In the manufacture of the mixed matrix membranes of this invention, the membrane is a combination of the solid polymer and the liquid polymer mixed matrix membrane. A mixture of the nitrogen containing compound, an optional plasticizer and solid zeolite particles are dispersed in the silicone rubber which forms a layer. This layer rests upon the cellulose acetate fabric that provides strength and form to the membrane. The cellulose acetate fabric is porous, having numerous small openings through it. The membrane media bridges these openings to present a solid layer which resists gas flow.
The membrane may contain a plasticizer such as a glycol plasticizer having a molecular weight of from about 200 to 600. Preferably, this glycol plasticizer is polyethylene glycol (PEG). Other glycol plasticizers that are suitable include tetraethylene glycol, propylene glycol, propylene glycol, diethylene glycol, triethylene glycol, ethylene glycol, dipropylene glycol and polypropylene glycol.
The nitrogen-containing compound used according to the present invention has the following general formula:
where R1, R2 and R3 independently are one or more of the following groups: C1-C50-alkyl, C3-C50-cycloalkyl, aromatic, alkyl substituted aromatic, such as C1-C50-alkyl substituted aromatic, aromatic substituted aliphatic moieties such as C1-C50-alkylene moieties substituted with one or more aromatic groups, C1-C50-hydroxyalkyl, amino- and/or hydroxyl-substituted C1-C50-alkyl, alkoxyalkyl such as C2-C50-alkoxyalkyl, dialkylaminoalkyl such as C3-C50-dialkylaminoalkyl, alkylaminoalkyl such as C2-C50-alkylaminoalkyl, heterocyclic, aromatic heterocyclic, alkyl substituted heterocyclic and alkyl substituted aromatic heterocyclic, such as C1-C50-alkyl substituted heterocyclic and aromatic heterocyclic compounds, and heterocyclic substituted aliphatic moieties such as C1-C50-alkylene moieties substituted with one or more aromatic groups. In addition, R1 and R2 may independently be hydrogen. The nitrogen-containing compound is not ammonia. When R3 is alkyl and R1 and R2 are independently hydrogen then R3 is C4-C50-alkyl. R1 and R2 may form, with the nitrogen atom, a nitrogen-containing heterocycle, aromatic heterocycle, alkyl substituted heterocycle or alkyl substituted aromatic heterocycle.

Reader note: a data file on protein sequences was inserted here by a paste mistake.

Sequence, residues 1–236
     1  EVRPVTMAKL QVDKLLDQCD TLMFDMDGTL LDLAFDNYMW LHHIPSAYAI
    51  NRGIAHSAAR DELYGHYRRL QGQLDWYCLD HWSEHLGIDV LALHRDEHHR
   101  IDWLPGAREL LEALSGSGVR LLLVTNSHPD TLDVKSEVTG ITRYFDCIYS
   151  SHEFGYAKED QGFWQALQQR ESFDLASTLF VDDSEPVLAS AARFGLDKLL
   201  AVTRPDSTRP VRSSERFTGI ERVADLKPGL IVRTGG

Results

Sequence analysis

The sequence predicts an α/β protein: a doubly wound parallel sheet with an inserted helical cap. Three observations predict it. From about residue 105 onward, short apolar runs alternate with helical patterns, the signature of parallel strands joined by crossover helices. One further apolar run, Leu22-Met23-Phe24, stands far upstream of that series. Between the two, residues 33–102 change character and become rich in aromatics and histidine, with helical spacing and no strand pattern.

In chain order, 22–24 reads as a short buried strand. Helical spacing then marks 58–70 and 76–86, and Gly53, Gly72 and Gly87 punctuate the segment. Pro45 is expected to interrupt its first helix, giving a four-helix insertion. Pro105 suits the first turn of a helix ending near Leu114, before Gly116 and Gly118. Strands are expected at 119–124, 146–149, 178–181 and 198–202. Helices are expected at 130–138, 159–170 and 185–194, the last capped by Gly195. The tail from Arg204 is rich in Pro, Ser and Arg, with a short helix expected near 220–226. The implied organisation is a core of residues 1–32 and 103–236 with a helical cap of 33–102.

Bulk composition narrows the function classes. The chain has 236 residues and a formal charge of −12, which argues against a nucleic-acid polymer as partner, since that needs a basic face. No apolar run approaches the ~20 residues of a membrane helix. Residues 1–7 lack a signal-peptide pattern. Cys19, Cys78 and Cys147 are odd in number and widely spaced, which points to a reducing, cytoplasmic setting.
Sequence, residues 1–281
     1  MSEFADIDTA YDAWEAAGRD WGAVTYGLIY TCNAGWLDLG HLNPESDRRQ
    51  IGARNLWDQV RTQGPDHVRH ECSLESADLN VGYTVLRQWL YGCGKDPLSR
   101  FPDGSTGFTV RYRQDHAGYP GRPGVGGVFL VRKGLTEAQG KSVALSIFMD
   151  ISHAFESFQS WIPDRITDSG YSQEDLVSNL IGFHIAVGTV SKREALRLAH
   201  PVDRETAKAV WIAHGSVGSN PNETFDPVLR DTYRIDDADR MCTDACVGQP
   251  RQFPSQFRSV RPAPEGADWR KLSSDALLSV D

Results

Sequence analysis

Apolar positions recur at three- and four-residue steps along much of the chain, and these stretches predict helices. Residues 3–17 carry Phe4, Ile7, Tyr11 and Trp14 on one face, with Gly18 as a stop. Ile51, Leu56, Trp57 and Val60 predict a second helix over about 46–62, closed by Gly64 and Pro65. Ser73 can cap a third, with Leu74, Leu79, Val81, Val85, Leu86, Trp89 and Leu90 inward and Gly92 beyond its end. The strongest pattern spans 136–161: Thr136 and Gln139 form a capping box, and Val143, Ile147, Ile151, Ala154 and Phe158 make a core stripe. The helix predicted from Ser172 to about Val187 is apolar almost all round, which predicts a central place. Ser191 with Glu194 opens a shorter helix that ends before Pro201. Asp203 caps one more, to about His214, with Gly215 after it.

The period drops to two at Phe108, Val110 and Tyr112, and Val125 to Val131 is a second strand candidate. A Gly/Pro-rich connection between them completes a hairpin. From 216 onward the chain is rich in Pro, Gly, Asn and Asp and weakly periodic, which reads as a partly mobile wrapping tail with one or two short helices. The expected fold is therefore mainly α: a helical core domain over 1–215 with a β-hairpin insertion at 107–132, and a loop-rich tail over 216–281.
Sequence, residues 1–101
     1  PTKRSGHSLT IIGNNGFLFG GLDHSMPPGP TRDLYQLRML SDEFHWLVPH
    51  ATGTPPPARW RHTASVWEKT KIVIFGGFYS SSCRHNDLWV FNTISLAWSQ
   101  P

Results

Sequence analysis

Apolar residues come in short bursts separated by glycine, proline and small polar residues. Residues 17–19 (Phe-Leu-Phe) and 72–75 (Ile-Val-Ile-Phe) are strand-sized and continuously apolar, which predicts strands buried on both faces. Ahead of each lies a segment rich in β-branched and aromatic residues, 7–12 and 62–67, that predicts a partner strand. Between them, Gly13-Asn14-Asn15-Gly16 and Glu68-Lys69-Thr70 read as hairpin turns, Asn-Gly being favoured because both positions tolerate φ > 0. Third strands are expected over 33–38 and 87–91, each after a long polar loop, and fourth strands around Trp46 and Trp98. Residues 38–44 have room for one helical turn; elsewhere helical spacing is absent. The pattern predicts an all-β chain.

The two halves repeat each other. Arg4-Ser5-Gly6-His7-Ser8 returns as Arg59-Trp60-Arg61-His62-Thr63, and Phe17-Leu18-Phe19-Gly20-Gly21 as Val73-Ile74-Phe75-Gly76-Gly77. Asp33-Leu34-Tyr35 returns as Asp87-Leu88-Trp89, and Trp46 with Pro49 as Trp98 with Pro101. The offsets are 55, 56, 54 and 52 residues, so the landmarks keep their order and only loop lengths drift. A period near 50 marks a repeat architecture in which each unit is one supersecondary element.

Examples of alkyl groups include; methyl, ethyl, n-propyl, isopropyl, n-butyl, isobutyl, sec-butyl, tert-butyl, n-pentyl, isopentyl, sec-pentyl, neopentyl, 1,2-dimethylpropyl, n-hexyl, isohexyl, sec-hexyl, n-heptyl, isoheptyl, n-octyl, isooctyl, 2-ethylhexyl, n-decyl, 2-n-propyl-n-heptyl, n-tridecyl, 2-n-butyl-n-nonyl and 3-n-butyl-n-nonyl, particularly preferably ethyl, isopropyl, 2-ethylhexyl, n-decyl, 2-n-propyl-n-heptyl, n-tridecyl, 2-n-butyl-n-nonyl and 3-n-butyl-n-nonyl, and C40-C200-alkyl such as polybutyl, polyisobutyl, polypropyl, polyisopropyl and polyethyl. The most preferred aliphatic amines are aliphatic amines having one or more alkyl groups having 1 to 20 carbon atoms, more preferably 2 to 14 carbon atoms, and most preferably 4 to 14 carbon atoms. Examples of specific aliphatic amines include heptylamine, decylamine, trimethylamine and triethylamine.